2018 has proven to be an eventful year for investors — not only for those in the cryptocurrency industry but also those active in the traditional stock markets.
Popular tech companies have beaten records in 2018, with Apple becoming the first company to reach a $1 trillion valuation — while Facebook, Amazon, Alphabet and Netflix have reached all-time highs during the months of June and July.
The Loss of Twelve Zeroes
Similar to the cryptocurrency market at the beginning of 2018, all time highs for leading tech companies were followed by a downhill trend.
This week, FAANG stocks have reached a point where they have lost over $1 trillion in valuation from their all time high just five months ago. In the process, the stocks have lost 27 percent of their total value to trigger experts calling this an official bear market.
Tech heavyweights dip into bear markethttps://t.co/diG9Y0TfRL
— CNBC-TV18 (@CNBCTV18News) December 10, 2018
Putting the established companies and the cryptocurrency industry side by side, the $1 trillion in value lost by tech companies dwarfs the total market capitalization of the cryptocurrency industry — which, at its peak in January, reached $835 billion. This shows how early the industry is in its market adoption cycle.
At the same time, the cryptocurrency market has lost over 87 percent of its value within a year — erasing all of its gains from the Dec 2017 bull rally. This shows how much more volatile the digital asset markets are in comparison to traditional stocks. To illustrate this, the total cryptocurrency market capitalization had already lost 27 percent of its value in January alone.
Overvaluation and Under-Delivery
Overvaluation and below-par delivery on expectations have been the main factors for the bear market. Facebook has been overwhelmed by negative headlines with data hacks and data sharing to enable public opinion manipulation. Google has been suspected of implementing questionable policies on the Chinese market. Apple has been showing disappointing results with their latest products, while Amazon has scored a less than stellar outlook for Q4 in 2018.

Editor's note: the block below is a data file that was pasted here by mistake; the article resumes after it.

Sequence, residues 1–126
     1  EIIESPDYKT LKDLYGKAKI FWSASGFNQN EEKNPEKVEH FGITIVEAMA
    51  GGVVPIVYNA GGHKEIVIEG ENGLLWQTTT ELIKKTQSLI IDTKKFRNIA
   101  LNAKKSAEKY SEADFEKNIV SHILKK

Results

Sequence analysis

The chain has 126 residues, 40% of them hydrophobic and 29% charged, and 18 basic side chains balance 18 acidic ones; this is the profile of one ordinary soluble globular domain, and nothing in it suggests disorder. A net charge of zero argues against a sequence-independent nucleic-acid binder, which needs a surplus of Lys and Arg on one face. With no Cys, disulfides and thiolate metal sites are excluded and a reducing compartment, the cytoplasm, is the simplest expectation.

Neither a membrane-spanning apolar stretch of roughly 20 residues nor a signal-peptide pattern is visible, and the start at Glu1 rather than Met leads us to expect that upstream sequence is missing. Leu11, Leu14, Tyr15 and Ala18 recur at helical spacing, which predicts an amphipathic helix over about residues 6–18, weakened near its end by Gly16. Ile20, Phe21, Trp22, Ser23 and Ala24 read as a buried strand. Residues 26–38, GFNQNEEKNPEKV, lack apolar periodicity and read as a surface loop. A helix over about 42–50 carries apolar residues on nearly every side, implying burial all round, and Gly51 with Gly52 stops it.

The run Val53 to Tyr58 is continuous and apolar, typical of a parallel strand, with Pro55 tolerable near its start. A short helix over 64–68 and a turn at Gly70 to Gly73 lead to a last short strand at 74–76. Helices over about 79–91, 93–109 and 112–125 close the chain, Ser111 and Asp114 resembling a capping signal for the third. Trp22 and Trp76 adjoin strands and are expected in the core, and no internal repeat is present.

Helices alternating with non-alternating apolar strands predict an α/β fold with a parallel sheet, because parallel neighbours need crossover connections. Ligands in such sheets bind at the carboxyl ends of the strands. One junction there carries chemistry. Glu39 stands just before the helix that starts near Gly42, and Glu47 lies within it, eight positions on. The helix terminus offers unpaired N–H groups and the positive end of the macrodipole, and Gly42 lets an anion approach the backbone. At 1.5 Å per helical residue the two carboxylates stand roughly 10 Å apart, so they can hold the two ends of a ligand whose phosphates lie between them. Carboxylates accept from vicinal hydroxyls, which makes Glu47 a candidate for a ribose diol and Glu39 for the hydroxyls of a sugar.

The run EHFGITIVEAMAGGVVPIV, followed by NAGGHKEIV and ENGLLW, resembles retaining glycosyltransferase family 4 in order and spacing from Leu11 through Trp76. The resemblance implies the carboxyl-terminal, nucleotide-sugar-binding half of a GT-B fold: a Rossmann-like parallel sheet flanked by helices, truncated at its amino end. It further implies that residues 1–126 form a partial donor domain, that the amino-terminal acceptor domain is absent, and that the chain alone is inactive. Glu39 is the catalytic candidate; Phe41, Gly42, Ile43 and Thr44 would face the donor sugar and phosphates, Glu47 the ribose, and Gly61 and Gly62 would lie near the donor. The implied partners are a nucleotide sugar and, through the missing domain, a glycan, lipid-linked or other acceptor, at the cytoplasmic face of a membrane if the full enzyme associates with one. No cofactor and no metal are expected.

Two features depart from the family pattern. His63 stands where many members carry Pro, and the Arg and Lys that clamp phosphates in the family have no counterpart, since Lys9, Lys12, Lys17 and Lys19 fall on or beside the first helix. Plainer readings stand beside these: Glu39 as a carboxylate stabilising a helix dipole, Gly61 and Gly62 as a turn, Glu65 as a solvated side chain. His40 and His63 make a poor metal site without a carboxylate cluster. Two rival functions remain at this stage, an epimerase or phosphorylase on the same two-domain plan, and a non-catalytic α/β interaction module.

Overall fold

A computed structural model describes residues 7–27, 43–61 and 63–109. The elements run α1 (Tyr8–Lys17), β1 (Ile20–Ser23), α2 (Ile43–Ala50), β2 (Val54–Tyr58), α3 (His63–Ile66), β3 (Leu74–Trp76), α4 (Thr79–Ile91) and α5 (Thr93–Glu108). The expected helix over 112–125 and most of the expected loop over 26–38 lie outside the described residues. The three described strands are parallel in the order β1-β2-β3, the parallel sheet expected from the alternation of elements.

On the other side, cryptocurrencies have seen a huge investment inflow during 2017 via initial coin offerings (ICO). The rush for the next big thing has led to a great deal of capital misallocation. After reaching peak capitalization in January, the market has started to come down to earth — with some projects not only reaching yearly lows but also all-time lows.
The correction in valuation has continued to be exacerbated by poor delivery from development teams. While Bitcoin remains the lynchpin of the crypto industry, other projects that have been in and out of the top five digital assets have shown underwhelming results. Ethereum has had a torrid year, with development on updates being consistently delayed. EOS has had mixed results after launching their platform, with dApp activity staying relatively low and rising concerns around their consensus mechanism. Bitcoin Cash has gone through another fork process, only to see its value further decimated. As for Stellar and XRP, users started to understand the difference between decentralized networks and distributed ledgers.
Taking into consideration market developments during the second half of 2018, it becomes clear that the decline is not limited to the cryptocurrency industry. The tech industry has been feeling the downward pressure of a bear market across the board. Even popular indices like the Dow Jones and S&P 500 haven’t been immune to declining prices.
— Greg5thTrad (@Greg5thTrad) December 15, 2018
An obvious assumption in this case is that there is a recession just around the corner. If a global recession wave starts, then the high debt ceiling and flawed monetary policies of central banks will be once again brought into question. As such, the more interesting question is: how will cryptocurrencies fare?
Bitcoin was started in the wake of the last financial crisis. Consequently, it was the flawed global financial system that ignited the cyberpunk move and the creation of digital currencies. Bitcoin has already gone through multiple market cycles of its own, but we haven’t seen how Bitcoin stands its ground during a full-blown market recession.
Will the market take its toll on Bitcoin and cryptocurrencies as well? Or will another recession diminish the trust in the current financial system and spur more people to switch to digital assets? What do you think?
Image courtesy of Trading View and Twitter.